Does your storage strategy consist of dumping all your LEGO® into a box or bag? If so, don’t tell me, okay? It makes me want to claw at my face.
You want to spend your time taking photos for your LEGO stop motion animation masterpiece. You don’t want to lose precious minutes looking for plastic pieces to build your set, digging through a bag as you search for a pink wig, or wondering if the big, scary axe is somewhere in the bowels of a full box.
Pinterest and YouTube will give you lots of ideas on how to store. Many of them are from LEGO-illiterate decluttering/organization experts on the one hand, and on the other hand, hardcore, foaming-at-the-mouth AFOL (Adult Fans of LEGO) who have so much LEGO that they have dedicated entire rooms to their LEGO love and/or invested in massive storage systems.
My collection is relatively small but I still need organization so that I don’t spend a lot of time looking for things. Confession: I still spend too much time looking for things, but the system I’m showing you below has helped a LOT!
The information below is what I wish I’d had when I started.
Keep in mind that I’m writing from the perspective of an adult. I take photos of LEGO and sometimes turn those photos into videos. So I think of minifigures as models and actors, and everything else as their sets and props. Also, I only build when I have to. I tend to not display sets and definitely don’t play with my LEGO.
If you mostly build one thing, such as trains, or collect only the little people, called “minifigures,” another system might work better for you.
Why you should sort your LEGO pieces
If you’re using your kids’ LEGO and they prefer to put common and rare pieces of all shapes and sizes together, then perhaps you’ll find the courage and patience to always be searching for what you want. Maybe that’s soothing for you. Or a mindfulness practice. Personally, I prefer to . . .
There are enough frustrating things in life. LEGO is fun. Walk up to your LEGO and have some idea of where things are rather than endlessly digging through piles of plastic.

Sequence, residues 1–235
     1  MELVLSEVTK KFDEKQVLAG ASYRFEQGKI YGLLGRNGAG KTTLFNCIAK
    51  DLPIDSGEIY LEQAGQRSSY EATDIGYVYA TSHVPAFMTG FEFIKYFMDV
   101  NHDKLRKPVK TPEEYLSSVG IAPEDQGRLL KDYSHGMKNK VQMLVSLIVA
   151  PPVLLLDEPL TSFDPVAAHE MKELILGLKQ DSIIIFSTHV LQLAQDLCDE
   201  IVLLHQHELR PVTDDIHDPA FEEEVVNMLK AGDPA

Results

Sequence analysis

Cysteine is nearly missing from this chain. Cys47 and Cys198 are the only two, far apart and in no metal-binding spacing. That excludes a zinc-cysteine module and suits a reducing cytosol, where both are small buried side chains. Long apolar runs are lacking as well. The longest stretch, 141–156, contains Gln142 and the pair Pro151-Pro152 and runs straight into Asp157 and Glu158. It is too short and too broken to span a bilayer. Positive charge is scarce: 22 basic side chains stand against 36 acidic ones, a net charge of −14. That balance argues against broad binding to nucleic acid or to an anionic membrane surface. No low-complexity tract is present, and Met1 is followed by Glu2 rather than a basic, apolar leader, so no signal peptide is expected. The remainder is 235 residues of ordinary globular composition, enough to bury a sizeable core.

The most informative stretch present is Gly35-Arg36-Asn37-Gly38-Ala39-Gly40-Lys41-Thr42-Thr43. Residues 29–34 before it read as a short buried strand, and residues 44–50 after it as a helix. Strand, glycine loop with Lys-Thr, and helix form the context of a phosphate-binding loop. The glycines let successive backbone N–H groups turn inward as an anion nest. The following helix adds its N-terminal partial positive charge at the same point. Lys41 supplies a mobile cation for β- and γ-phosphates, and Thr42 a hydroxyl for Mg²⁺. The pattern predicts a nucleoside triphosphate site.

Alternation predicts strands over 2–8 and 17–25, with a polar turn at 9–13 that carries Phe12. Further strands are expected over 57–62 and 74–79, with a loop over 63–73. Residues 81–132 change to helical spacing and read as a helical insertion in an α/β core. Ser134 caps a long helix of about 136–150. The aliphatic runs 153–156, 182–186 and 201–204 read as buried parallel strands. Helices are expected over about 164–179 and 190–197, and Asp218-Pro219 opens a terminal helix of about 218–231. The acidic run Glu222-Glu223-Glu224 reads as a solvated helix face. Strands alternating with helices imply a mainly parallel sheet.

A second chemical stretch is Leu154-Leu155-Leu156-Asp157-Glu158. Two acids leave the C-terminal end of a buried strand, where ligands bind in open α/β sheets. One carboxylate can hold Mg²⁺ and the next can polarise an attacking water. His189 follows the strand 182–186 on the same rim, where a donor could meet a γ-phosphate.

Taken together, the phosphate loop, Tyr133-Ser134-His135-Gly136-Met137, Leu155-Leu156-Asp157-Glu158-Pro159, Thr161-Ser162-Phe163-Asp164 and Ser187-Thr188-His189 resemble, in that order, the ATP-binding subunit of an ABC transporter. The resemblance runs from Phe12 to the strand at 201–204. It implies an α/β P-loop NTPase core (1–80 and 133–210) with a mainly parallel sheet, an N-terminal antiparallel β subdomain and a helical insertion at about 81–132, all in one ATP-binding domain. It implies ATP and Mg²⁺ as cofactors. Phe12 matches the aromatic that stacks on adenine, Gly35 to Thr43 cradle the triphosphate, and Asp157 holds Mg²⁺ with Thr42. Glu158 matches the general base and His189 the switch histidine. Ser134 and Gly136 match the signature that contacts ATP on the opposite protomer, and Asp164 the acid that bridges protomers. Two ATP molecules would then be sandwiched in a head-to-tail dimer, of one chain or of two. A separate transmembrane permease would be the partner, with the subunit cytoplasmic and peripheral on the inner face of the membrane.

Sell and Trade LEGO
Keep those sets and collectible minifigures together. When you no longer need them, you can trade or sell them. Built LEGO sets can be sold. A bag of loose parts means you may have left something out, so a buyer will either laugh in your face or offer you significantly less money for your stash. All those parts are treated as bulk, and you get bulk prices.
How to Sort and Store Your LEGO
Sorting LEGO by Color: Don’t do it!
If you sorted LEGO, either yours or theirs, by color, I’ll forgive you, just this once. You didn’t know any better, and that’s a better solution than combining everything into one box or bag.
There are many misguided clutter-clearers and master organizers who will make a storage area look beautiful with labeled boxes of LEGO sorted by color. They obviously don’t use the pieces of plastic for themselves.
I received a number of used sets, sorted by color, as a gift. I would spend an eternity picking through all the white plastic, for example, trying to find a tiny, specialized piece.
Don’t get me wrong. I was grateful to have been given the sets. By building them, I learned how LEGO pieces worked together. I was also able to trade them for parts and sets I really wanted, so that kept costs down. By going to the used-LEGO store often, I got to know the people who worked there, and learned even more while gaining friends who shared the same interest. That’s invaluable to a middle-aged, female LEGO fan.
But let’s focus: storage.
Keep LEGO sets together
If you’ve built something you like but are not playing with or displaying it, just put the entire build (a house, a car, etc.) into a box or a large, zippered plastic bag. Clear plastic is best, but any labeled box will do. Sandwich bags are handy to separate the builds inside the box. Maybe you’ve got space in a drawer, or a shelf protected from dust. That works as well. Keep the entire set together as best you can.
Store LEGO parts by type